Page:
When Charlie Met Johnny

Charlie was a prince

A prince to the palace born

When they called him a quince

It made him quite forlorn

Johnny was a teacher

To the pulpit drawn

Became the Jews’ chief preacher

A boon, a goad, a thorn.

“Charlie” is the heir apparent to the British Throne. Unlike other princes and princelings, Charles ventured to speak publicly on a variety of matters that were either contentious or odd, thereby putting the contents of his highly individual mind out onto the nature strip for vultures, scavengers and predators to feast on. And they have. Charles might not have been the first royal to be odd or suggestible or randy (wooing Camilla with, “I want to be your tampon”) but he had the misfortune to belong to the first generation of his family that faced unbridled mass media.

So Charles was dismissed as a Charlie, a right Charlie.

“Johnny” is soon–to–retire Lord Jonathan Sacks, Chief Rabbi of Great Britain and the Commonwealth.

Jonathan Sacks has been a phenomenon, heard, read, quoted and admired far beyond Jewry. He is Rabbi Everywhere – in the secular press, in the House of Lords, all around the Jewish World, in his weekly Torah commentaries and through his score or more highly successful books.

Jonathan Sacks is eloquent, articulate, smooth, Everygoy’s Philosopher. His way with words impresses almost everyone, including – I sometimes suspect – himself. Of this, more (or less) later.

After 22 years as Chief, Rabbi Sacks is retiring. He claims credit for starting the wave of holy retirers: I was first, then Pope Benedict, then Archbish Rowan Williams. We’re waiting now for the Dalai Lama.

And that’s another thing – he’s witty: and it’s not the leaden wit of the ponderous pulpiteer or politician, but the nimble footed work of a knightsmove mind. He is a philosopher by training, a practitioner of Goon Show paradox.

At a gathering of over 800 “attendees” (excruciating word; did none attend voluntarily, people we might designate as “attendors”?), Prince Charles delivered a speech in praise of the retiring Chief Rabbi, calling him “a light unto this nation”, before collapsing into cliché.

Now the prince is not Jewish. He doesn’t attend synagogue. What does he know about rabbis? What does he care?

Is it the Goon Show tendency alone that they have in common?

The answer is Israel’s assassinated Prime Minister Yitzchak Rabin, whose funeral the two attended in 1995, together with Tony Blair.

In the aircraft Blair and Charles were intrigued by the reading material that engrossed the rabbi for hours – a large book set out with central columns of Hebrew script surrounded by columns of finer lettering that extended to the margins.

What’s the book, Johnny?

The Bible, with commentaries by Rashi and others.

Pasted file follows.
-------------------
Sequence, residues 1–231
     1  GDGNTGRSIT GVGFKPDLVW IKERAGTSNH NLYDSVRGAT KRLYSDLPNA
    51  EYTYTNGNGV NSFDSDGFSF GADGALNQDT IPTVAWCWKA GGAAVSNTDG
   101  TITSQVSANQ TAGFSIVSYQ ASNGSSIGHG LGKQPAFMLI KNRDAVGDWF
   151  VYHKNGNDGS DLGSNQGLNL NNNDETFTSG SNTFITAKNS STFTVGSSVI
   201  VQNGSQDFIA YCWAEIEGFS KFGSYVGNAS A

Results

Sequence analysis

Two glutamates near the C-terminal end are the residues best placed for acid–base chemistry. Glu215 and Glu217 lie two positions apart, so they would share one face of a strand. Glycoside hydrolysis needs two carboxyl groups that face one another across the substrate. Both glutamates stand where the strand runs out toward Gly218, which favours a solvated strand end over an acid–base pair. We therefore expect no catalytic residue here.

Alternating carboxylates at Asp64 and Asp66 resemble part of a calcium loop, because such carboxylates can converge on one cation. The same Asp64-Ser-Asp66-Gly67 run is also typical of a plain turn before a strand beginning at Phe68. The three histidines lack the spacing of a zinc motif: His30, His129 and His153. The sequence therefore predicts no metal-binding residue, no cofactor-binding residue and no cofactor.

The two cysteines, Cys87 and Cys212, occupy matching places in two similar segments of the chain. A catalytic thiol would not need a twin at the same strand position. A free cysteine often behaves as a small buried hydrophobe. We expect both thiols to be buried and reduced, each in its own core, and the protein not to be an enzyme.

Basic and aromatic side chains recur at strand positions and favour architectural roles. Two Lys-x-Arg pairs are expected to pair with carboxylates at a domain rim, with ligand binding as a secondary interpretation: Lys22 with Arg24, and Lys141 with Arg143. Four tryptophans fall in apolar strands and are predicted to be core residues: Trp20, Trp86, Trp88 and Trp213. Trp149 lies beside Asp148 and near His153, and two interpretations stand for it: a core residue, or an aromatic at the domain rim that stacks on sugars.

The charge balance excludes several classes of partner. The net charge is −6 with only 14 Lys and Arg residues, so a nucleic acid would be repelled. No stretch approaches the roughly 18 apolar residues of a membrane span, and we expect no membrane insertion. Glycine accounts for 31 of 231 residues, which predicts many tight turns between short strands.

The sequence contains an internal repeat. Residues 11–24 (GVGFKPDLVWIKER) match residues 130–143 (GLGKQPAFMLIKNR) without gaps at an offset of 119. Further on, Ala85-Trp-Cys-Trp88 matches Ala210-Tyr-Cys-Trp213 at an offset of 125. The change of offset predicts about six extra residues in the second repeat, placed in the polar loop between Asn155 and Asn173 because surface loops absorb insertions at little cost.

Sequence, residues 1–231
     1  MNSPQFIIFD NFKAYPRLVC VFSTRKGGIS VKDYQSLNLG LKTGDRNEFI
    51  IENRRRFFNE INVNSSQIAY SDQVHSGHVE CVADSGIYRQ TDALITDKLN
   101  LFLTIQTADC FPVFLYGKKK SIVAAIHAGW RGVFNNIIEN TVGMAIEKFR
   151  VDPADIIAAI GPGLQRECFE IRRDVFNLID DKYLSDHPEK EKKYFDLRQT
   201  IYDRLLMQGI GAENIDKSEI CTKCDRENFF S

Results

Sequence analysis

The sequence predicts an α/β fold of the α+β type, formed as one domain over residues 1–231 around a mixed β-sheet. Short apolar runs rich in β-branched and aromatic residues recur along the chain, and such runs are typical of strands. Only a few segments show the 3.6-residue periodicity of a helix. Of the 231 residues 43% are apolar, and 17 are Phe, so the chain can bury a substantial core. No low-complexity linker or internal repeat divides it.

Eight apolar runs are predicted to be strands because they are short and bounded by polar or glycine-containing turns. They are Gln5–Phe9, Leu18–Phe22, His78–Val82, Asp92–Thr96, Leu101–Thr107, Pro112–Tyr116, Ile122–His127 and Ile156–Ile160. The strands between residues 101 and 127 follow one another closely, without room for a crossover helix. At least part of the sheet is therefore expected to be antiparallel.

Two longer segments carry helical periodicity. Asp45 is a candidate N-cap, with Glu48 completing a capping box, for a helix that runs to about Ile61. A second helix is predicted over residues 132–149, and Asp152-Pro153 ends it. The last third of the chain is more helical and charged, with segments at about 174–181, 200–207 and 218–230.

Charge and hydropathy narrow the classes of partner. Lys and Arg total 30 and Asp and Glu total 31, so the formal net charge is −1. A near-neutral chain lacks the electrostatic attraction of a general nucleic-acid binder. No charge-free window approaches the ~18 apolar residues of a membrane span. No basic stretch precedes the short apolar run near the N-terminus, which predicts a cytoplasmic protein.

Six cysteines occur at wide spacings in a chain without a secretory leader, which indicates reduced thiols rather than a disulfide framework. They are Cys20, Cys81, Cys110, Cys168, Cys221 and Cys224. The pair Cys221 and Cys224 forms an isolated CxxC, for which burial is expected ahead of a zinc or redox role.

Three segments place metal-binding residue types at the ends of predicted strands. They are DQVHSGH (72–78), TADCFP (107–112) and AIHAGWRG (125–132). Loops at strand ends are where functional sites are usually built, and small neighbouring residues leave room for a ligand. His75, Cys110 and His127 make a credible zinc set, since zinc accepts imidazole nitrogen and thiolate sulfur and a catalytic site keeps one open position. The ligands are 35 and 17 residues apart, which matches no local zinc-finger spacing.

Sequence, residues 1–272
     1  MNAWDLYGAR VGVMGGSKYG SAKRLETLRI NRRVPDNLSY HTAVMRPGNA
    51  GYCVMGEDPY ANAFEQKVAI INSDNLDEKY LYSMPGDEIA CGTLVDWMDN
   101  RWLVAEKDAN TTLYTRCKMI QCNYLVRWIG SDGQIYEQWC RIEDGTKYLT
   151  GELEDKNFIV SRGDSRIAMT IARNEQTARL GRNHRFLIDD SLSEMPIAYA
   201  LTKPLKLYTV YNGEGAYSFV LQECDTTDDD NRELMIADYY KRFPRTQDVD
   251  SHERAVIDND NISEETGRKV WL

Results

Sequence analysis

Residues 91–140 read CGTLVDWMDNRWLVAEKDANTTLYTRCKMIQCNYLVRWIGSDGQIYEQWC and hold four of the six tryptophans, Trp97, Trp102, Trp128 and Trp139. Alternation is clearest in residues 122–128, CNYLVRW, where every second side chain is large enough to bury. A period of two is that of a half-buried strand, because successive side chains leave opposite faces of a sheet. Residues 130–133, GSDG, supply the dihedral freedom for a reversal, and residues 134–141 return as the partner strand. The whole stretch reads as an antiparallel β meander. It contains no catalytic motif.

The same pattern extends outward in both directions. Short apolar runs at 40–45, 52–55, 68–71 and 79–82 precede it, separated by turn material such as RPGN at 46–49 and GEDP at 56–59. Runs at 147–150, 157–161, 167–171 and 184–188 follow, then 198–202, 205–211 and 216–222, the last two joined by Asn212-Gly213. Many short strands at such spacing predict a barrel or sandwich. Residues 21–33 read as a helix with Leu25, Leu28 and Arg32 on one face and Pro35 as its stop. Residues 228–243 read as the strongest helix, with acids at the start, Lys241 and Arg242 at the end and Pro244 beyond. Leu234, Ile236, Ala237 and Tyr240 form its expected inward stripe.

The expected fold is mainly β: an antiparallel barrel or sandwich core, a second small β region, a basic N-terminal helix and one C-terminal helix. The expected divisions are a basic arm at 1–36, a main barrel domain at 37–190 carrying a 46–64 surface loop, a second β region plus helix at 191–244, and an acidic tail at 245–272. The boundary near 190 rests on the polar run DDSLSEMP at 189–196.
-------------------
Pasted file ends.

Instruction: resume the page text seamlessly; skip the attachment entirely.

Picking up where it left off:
What part are you reading?

The red heifer.

The red what?

Rabbi Sacks explains the story of the perfectly red cow that is slaughtered and burned to create ashes to render ritually unclean persons pure. The PM and the Prince are fascinated. The rabbi gives them the comments of Rashi – the great medieval explicator.

On the return trip, Charles and Tony ask for another scripture lesson. The Chief obliges, this time with quotes from Maimonides, Samson Raphael Hirsch and others. And so it is through the year following that Tony Blair receives a lesson in each weekly Torah portion of the annual cycle of reading.

The prince goes back to princing and to opining and to his life as lampooned Charlie.

The rabbi goes back to writing and teaching and preaching with his extraordinary acuity and virtuosity. Such is his facility, his pirouette upon the point of a thorny question, that one might misgive: is this all surface and no substance? The ultraorthodox world has been deafeningly silent about Sacks’ disturbing moderation; their silence convinces me that even they can’t fault his learning, his authenticity, his substance.

Does the chief enjoy the adulation? Just a little bit? He wouldn’t be human if he did not. It must be evidence of my own human envy to entertain these misgivings.

The rabbi’s ministry is serious, pregnant with revelatory insights. How to live in our particularity as co-citizens among a broader humanity? How to remain authentic, Torah-true Jews, proudly, neither superior nor inferior to others?

These are not idle questions; they are dilemmas, and not only for the Jews of today. Those German Jewish patriots of WWI who lived to see their Fatherland go to war against them, lived and died in that risky experiment of embracing citizenship. A similar parlous choice faces Australian Aborigines: how much must we leave or lose, how much do we gain, as we walk the narrow bridge to modernity?

Jonathan Sacks has spoken from the beating heart of an ancient tradition to this Jew who was born astride that tradition and a plural world. That world changes too fast just as Judaism resists change. Not so resisting is Jonathan Sacks: read his “To Heal a Fractured World”, read him on “The Dignity of Difference” to encounter his audacious openness. Praying as I do every day in a liturgy that is older than Jesus, observing minute regulations (as various as which days I may cut my hair, which hand to grip with when piddling), while walking as I do in worlds so different and mutating, I seek a guide. I need, I ache to hold my fragments together.

How to live authentically in our old faith in new times is the question that was answered in Bible times by the prophet. With the completion of the Jewish Bible prophecy was no longer authorized. It may be slightly heretical to say so, but in our day – for this Jew at least – Rabbi Jonathan Sacks speaks with the voice of the prophet. As Charlie put it, “You have been a light unto this nation.”

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